Kai And there has been some reduction in places like Europe or Central Asia, and China have about 3-4%. But that is much lower than the average in the developing world, which has seen a reduction of about 7%.
Sandra And this is one that we're gonna keep an eye on because clearly this presents a challenge to global post-COVID recovery. And we know that China is home to about a third of the world's middle class and they do appear to be recovering quite quickly. We actually have a few resources...
Kai Oh, and that should tie in with your series that you've done on SBI on China's post-pandemic recovery.
Sandra Indeed, we'll include it in the shownotes. We did a special with four China experts, a businessman, an academic, a diplomat, and an economist that walked us through China's post-pandemic story. So you can hear from the likes of Kishore Mahbubani was the former president of the UN Security Council, or Dr Weijian Shan the Chairman and Chief Executive of China's largest insurer, PAG.
Kai Now I have another story with large numbers, this one is about mosquitoes. Genetically modified mosquitoes are about to be released in Florida Keys, and 750 million of them, in order to control and bring down the population of mosquitoes that are carriers of several deadly diseases such as Zika, dengue fever or yellow fever.
Sandra So is it a bit like the moths we talked about last year?
Kai It's pretty similar. So, what you want in mosquitoes is control the female offspring, because it's only female mosquitoes of course that bite because they need blood to mature their eggs. And what this genetic modification does is it means that the female larvae can't actually mature to full-growth they would die-off, whereas the male mosquitoes would survive and then over several reproduction cycles the hope is that the population drops down significantly, especially in the female ones.
Sandra Right, and we discussed moths a while back, these genetically modified diamondback moths, which are obviously a huge pest, they cost billions and billions of dollars every year, and they're largely resistant to most insecticides. And in this case, it would be also the female offspring that would die during the caterpillar stage and the male offspring that would carry on the gene.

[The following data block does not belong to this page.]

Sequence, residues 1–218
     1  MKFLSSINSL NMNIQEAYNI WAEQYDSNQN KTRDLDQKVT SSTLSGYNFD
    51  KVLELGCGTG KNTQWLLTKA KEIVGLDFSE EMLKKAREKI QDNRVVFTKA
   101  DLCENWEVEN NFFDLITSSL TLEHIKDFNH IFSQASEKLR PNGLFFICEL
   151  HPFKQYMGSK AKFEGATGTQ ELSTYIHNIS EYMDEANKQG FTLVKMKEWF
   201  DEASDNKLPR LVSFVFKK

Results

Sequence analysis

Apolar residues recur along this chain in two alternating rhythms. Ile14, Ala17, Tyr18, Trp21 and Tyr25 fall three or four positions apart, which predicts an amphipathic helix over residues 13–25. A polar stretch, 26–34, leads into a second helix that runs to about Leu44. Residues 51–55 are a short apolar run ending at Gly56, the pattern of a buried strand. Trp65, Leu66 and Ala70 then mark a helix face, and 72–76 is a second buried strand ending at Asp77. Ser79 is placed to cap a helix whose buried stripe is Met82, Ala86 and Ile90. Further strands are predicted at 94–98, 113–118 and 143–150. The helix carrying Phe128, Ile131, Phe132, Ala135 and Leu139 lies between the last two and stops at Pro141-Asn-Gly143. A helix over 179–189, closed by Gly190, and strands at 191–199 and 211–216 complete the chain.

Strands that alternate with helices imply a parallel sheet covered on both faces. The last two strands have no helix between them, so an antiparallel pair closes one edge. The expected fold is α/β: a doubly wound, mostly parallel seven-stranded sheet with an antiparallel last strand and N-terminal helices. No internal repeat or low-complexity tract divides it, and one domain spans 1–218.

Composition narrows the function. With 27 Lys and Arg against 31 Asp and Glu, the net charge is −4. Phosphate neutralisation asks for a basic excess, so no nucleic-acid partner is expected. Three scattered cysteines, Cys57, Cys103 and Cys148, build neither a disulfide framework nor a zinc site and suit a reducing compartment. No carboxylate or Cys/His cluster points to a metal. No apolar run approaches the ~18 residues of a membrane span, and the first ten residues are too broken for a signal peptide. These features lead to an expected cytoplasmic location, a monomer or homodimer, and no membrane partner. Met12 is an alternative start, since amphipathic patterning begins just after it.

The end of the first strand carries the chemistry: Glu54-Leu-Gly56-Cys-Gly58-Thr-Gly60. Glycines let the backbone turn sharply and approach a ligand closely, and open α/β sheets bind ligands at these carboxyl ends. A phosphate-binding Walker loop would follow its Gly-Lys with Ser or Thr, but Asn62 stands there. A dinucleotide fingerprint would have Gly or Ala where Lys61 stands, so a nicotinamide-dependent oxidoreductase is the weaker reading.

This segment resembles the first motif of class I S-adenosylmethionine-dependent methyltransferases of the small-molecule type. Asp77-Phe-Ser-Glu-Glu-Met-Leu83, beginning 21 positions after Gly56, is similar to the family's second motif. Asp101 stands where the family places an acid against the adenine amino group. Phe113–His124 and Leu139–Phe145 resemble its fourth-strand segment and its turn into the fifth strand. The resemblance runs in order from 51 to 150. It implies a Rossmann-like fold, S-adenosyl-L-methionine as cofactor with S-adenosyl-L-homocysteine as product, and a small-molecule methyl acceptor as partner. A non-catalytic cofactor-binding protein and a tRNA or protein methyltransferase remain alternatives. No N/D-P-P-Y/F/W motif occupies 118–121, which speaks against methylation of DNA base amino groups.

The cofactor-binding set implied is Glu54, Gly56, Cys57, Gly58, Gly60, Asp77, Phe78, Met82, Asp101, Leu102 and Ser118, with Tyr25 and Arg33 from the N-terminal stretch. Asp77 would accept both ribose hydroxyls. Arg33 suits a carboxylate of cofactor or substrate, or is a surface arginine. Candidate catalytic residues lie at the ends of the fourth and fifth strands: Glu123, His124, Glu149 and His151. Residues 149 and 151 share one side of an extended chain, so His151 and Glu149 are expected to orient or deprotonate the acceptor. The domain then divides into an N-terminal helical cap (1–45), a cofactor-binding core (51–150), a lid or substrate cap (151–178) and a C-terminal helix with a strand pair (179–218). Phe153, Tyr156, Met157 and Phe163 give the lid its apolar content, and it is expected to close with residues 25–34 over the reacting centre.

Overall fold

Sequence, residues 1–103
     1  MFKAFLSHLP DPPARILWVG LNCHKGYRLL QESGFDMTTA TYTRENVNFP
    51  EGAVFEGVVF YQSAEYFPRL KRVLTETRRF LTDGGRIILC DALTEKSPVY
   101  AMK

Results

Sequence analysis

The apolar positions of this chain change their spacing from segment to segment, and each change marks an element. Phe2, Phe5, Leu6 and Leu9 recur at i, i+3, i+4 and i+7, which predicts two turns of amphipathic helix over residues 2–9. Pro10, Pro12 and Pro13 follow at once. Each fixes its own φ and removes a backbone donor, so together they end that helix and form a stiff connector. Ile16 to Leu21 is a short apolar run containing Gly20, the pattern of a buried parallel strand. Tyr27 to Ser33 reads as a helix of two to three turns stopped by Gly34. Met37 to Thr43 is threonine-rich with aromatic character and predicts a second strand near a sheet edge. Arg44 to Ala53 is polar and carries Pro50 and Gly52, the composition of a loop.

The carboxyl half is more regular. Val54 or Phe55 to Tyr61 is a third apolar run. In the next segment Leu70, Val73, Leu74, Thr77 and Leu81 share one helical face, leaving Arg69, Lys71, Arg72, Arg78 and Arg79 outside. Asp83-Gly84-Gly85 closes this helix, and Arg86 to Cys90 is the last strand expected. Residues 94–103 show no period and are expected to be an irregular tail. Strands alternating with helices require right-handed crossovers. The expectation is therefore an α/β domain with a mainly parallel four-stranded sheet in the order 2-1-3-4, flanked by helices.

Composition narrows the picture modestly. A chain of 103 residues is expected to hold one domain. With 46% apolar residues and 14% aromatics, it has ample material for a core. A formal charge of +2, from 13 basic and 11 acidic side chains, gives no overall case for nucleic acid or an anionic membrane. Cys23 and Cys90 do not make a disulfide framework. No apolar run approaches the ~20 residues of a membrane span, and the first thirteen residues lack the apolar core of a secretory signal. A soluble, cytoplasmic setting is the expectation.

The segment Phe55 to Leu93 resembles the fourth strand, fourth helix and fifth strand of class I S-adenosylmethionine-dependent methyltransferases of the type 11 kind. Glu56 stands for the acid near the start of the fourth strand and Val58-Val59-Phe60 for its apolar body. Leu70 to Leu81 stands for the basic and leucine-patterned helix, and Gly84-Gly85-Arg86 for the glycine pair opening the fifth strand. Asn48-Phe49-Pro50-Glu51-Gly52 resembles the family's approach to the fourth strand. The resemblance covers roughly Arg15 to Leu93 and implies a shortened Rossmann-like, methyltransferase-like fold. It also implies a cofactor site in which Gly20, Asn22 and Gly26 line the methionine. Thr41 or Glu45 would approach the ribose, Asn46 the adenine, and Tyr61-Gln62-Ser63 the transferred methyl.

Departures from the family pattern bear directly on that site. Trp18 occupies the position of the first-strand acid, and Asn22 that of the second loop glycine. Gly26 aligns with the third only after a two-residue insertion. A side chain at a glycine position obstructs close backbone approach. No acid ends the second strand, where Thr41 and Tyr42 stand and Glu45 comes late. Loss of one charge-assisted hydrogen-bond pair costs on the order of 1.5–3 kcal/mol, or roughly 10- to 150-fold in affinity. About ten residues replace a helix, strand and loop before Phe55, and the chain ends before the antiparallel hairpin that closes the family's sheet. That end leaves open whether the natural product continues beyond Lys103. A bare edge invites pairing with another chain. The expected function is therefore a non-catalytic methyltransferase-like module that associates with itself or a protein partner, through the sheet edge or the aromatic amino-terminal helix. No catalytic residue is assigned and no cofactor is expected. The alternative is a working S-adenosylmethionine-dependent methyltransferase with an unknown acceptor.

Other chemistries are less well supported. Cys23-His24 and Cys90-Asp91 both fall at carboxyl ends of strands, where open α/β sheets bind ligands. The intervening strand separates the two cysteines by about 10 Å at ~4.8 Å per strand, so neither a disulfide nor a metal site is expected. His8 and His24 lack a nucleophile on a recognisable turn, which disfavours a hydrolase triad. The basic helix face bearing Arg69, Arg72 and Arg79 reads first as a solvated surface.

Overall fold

Kai And in the case of the moths, it was, of course, agriculture that was going to be the beneficiary because these moths attack crops. As for the mosquitoes, on the one hand, there's good news, trials in Brazil have shown that the population could be reduced by as much as 95%, but there always remains an uneasiness that brings these issues to the fore, and that is that genetically modified species are introduced into natural habitats and what follow-on effects that might have.
Sandra And there's a number of other stories that I'm really tempted to bring up like the op-ed in the Chicago Tribune that talks about 5 billion bananas getting thrown out each year in the US alone, that is 5 billion bananas get thrown away each year. And that's part of a larger trend of food wastage. In the US alone 35% of food goes unsold or uneaten, so huge food wastage. But all these numbers seem to be on the rise, for the bananas, that's about 12% up. And that's really not good news, given that we are set to need to produce about 60-100% more food to be able to feed our growing population. And not just bananas, we should be probably talking about the public listing of the cryptocurrency exchange Coinbase.
Kai So this is breaking news, because it listed today as we are recording and Coinbase is now valued on its first day at $100 billion, which makes it the most valuable exchange listed.